“When women are at the top, we can and do change the culture,” Pat Mitchell, head of the Public Broadcasting System (PBS) said at a forum hosted by the Annenberg Public Policy Center at the University of Pennsylvania. The occasion was the release of the center’s March 2001 report that found that only 13 percent of top executives of media, telecommunications and e-companies were female, and women held only three percent of the “clout” jobs. The American Society of Newspaper Editors issued similar findings a month later. Its most recent annual newsroom census found that two out of three newsroom supervisors were male, as were 60 percent of the reporters. These numbers have remained static, even though women comprise 70 percent of journalism students.
As content analyses demonstrate, women’s presence in the news columns and on TV news shows is remarkably similar to the percentage of women in the top ranks. Male sources consistently outnumber female sources, and women’s voices appear more often in “soft” news coverage. The Freedom Forum Media Studies Center and Women, Men and Media (a media watchdog project) reported in 1998 that on the three U.S. broadcast networks, 87 percent of sound bites by experts were provided by men.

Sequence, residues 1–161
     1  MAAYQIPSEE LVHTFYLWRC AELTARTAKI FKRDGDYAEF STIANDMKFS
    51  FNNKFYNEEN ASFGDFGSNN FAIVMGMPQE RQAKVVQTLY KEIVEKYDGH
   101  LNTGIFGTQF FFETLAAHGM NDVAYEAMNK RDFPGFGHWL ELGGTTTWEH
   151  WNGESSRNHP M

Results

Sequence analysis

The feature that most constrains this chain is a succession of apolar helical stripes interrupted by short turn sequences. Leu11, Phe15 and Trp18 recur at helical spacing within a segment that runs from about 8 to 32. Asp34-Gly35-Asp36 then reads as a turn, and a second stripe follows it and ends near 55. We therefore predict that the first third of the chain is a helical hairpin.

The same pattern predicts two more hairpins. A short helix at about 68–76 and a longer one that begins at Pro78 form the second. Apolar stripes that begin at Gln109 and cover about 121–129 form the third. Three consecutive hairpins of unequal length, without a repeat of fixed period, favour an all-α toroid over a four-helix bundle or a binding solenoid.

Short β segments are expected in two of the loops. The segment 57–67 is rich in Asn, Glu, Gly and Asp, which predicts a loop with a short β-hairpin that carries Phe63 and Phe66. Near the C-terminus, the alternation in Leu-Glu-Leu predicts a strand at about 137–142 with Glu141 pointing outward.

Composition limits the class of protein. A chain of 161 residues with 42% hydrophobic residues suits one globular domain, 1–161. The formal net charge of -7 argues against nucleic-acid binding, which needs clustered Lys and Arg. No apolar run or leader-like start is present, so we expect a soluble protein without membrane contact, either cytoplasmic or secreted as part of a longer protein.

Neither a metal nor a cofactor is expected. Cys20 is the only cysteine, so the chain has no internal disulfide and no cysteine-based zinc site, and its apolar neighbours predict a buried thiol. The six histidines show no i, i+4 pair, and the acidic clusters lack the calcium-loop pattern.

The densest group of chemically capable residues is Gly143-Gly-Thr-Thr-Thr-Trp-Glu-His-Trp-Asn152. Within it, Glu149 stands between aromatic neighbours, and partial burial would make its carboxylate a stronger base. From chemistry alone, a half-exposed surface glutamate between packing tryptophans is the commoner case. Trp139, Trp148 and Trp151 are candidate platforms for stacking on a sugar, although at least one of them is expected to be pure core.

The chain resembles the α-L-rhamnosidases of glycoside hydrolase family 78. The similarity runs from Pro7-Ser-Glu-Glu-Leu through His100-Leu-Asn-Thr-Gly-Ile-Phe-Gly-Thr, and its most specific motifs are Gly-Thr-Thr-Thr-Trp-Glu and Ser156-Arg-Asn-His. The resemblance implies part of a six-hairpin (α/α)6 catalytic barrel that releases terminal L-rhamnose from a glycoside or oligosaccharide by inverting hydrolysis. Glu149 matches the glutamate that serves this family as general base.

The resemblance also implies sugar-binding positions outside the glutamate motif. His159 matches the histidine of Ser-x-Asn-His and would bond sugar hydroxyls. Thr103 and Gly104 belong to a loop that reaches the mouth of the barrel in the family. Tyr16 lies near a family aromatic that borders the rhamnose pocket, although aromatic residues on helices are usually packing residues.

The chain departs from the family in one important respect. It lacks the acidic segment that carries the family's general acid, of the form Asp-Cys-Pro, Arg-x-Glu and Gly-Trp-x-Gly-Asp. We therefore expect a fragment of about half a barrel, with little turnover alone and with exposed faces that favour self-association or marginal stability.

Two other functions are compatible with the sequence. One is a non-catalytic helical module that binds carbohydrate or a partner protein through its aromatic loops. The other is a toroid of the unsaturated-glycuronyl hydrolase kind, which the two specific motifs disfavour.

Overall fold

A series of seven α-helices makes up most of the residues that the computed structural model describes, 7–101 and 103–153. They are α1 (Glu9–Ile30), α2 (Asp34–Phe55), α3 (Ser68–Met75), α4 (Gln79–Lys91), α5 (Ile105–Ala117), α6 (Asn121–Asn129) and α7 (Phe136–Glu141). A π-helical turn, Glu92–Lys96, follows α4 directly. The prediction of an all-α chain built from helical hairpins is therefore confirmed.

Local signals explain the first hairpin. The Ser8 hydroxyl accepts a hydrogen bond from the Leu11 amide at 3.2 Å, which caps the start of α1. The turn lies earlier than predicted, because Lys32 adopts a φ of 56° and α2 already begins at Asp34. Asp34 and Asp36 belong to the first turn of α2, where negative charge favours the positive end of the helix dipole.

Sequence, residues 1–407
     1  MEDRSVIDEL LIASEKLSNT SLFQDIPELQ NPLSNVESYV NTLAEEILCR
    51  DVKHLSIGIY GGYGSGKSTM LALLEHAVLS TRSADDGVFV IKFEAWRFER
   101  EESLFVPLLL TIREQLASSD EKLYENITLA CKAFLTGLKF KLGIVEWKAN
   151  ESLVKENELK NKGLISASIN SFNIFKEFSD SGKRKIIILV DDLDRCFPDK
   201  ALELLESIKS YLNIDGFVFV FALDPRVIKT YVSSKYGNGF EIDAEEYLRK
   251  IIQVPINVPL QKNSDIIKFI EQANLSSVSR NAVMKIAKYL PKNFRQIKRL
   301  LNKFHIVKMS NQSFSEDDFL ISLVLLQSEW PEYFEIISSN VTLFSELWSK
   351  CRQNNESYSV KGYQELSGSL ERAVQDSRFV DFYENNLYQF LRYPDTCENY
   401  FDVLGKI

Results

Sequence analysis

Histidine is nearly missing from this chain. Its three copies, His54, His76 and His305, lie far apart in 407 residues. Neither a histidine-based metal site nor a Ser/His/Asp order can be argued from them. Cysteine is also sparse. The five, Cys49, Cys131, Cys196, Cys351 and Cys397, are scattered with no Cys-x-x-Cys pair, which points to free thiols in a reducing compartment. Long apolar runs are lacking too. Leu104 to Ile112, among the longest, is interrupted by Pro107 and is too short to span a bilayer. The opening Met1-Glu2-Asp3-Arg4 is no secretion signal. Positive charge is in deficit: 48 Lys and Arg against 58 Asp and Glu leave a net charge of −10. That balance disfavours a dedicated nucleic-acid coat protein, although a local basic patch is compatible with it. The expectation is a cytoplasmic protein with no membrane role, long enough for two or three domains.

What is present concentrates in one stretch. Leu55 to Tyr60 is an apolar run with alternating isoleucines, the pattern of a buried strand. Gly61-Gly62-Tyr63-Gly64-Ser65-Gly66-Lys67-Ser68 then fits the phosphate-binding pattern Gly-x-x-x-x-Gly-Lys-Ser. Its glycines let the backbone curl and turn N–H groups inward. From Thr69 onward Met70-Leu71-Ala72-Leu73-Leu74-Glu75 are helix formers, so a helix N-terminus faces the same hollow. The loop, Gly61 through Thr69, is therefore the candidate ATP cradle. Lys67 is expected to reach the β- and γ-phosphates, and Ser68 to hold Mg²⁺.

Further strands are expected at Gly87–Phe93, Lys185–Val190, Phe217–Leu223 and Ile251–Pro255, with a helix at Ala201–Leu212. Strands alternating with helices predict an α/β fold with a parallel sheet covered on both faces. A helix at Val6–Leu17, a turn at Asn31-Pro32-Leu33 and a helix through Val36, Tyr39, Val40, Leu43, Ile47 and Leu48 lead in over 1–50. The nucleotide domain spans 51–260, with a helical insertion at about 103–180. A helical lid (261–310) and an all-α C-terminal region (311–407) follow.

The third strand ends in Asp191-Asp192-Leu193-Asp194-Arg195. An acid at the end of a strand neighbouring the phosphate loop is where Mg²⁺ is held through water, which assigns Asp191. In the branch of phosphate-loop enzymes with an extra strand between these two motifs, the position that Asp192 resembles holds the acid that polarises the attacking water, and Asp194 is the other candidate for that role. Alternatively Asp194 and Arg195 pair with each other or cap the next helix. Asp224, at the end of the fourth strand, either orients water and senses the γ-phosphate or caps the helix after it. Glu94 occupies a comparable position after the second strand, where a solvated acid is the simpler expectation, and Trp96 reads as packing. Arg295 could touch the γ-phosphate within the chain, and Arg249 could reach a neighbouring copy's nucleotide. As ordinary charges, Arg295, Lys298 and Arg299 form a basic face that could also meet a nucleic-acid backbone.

And this trend continues on the nation’s opinion pages and news talk shows. Geneva Overholser reported on National Public Radio that, during the first week after September 11, The New York Times and The Washington Post—the two dailies most read by policymakers—had 65 signed opinion pieces, with only four written by women. In the Los Angeles Times national editions that week, 22 out of 23 op-eds were by men. In December, the White House Project announced similar findings related to appearances on Sunday talk shows. The project said its research indicated that women constituted only 10.7 percent of guests on these high-profile platforms before September 11, and they made up just 9.4 percent of guests during the following months.